Present day attractions include the historic cottages, chimneys and mining relics scattered throughout the hills.
Through the Knockwood and Ten Mile Township sites little remains of these former mining settlements, although historic relics can still be found, including the water diversion tunnel at Tunnel Bend.
The Kevington settlement is located in the valley between Jamieson and Kevington and contains a number of private residences that date back to early times. At the heart of the area is the upper reaches of the Goulburn River, which makes the Kevington – Woods Point area a favourite summer holiday camping destination. Set up camp and pull out the fishing rod at one of the riverside camping sites scattered along the river. Then complete the trip with a visit to one of the local pubs in Kevington or Woods Point where you’ll enjoy a country feed and good old-fashioned hospitality.
We pulled into Jamieson, which is a lovely picturesque and historic settlement near the junction of the Goulburn and Jamieson rivers. The most significant of its historic buildings is the former Court house built in 1864 that serves as a museum and memorabilia display today.
The town site was surveyed in 1862, and a borough council was established in 1864. By 1865 the town had a Catholic chapel, an Anglican church, a school, a court house and police station, two banks, two insurance offices, five hotels and several stores. Jamieson reached its peak in the 1870s, but a sharp decline soon followed. Most mining operations had ceased by the beginning of the First World War, and Black Friday bushfires destroyed many mine workings in 1939.
By the 1990s, the town had become a popular tourist destination, boosted by Lake Eildon (situated adjacent to the Jamieson township and formed by the damming of the Goulburn River) reaching 100% capacity in 1996. However the tourism industry suffered in the early 2000s following a drought which affected Lake Eildon. The drought would prove to be long term and in March 2007, the capacity of the lake reached a historic low of 7.9%.
Today, Jamieson has a permanent population of around 250. It is a popular destination for four wheel drive enthusiasts, fishers, and amateur gold diggers. It is close to Lake Eildon and the Mount Buller snowfields. The town has two hotels, a caravan park, and several bed and breakfast establishments, plus the Jamieson Brewery.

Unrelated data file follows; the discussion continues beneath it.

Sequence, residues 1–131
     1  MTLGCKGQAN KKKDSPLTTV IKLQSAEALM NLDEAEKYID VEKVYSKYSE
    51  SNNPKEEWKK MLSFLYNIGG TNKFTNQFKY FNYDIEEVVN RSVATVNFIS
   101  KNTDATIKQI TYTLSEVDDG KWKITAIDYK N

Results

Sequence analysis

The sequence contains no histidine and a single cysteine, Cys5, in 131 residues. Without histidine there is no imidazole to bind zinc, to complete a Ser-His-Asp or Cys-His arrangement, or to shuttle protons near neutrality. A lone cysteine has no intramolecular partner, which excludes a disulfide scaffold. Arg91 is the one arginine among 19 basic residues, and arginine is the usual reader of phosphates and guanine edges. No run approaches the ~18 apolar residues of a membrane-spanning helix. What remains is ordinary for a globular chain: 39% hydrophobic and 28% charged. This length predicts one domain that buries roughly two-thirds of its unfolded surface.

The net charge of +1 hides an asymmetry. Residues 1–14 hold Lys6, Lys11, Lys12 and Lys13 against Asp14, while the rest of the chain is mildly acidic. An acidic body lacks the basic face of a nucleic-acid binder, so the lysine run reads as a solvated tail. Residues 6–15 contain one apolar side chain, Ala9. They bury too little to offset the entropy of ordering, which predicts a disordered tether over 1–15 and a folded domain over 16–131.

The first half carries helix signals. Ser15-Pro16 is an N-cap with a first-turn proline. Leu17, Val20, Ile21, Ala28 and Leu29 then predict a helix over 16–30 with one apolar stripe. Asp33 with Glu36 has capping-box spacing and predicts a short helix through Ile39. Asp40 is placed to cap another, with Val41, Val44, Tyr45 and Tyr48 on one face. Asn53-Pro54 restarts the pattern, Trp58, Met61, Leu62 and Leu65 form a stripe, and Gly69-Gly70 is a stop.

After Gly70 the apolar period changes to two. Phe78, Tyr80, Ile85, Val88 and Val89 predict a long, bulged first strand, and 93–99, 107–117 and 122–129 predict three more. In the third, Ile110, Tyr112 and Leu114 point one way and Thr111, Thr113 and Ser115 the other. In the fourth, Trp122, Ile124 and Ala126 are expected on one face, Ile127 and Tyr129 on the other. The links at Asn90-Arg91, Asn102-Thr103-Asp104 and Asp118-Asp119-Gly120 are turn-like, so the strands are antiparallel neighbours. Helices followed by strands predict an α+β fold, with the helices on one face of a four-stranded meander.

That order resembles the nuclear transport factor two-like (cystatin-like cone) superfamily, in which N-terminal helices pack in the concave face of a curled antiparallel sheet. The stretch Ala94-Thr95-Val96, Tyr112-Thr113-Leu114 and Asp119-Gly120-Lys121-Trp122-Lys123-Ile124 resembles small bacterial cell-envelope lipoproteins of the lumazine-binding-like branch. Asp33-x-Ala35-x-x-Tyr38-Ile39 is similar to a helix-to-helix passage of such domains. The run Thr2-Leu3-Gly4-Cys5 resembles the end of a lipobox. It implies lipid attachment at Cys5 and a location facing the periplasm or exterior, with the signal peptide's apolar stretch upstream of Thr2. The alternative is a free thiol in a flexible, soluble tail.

The Goulburn and Jamieson rivers are popular for trout fishing, canoeing and gold fossicking.
For this trip All Bike Sports took advantage of the TM EN300. This is probably the most exotic production motorcycle in the world. TM is a small Italian company that makes motorcycles one by one, all by hand.
The EN300 has a beautiful hand-welded aluminum frame that houses a 300cc five-speed two-stroke engine. The fork is a KYB, and the shock is made in-house at TM. There’s a motocross version available that has more aggressive power and suspension, but we decided as we were on the main roads, the Enduro model was definitely for us.
TM turned its nose up at the electric starter in order to keep the weight down. The new motor is a somewhat old-school case-reed design with a five-speed gearbox. Its most sophisticated feature is the servo-controlled electronic power valve.
The triple clamps are billet aluminum, the rear brake lever is nicer than anything on the aftermarket and, most amazing of all, the rear shock is made by TM. In front it has a KYB fork, the rear brake is by Nissin, the front is by Brembo, the rotors are Galfer, and the hydraulic clutch is Magura.
When the 300 is in the meat of its powerband, look out! It is an animal, and in the good sense of the word too! You are going to go wherever you’re pointing -very quickly. We had a blast of fun on this bike. When the traction is good, the TM is an absolute rocket, but it can be hard work, especially if you are used to a 4 stroke. You can outrun a 450, and make quick work of the toughest uphill mountain trails.
We didn’t count on how comfortable the new TMs are. The seat is firm but comfortable, the ergonomics are roomy and the controls fit right. The suspension is fairly cushy too, and after about eight hours on the bike, your backside thanks the comfort.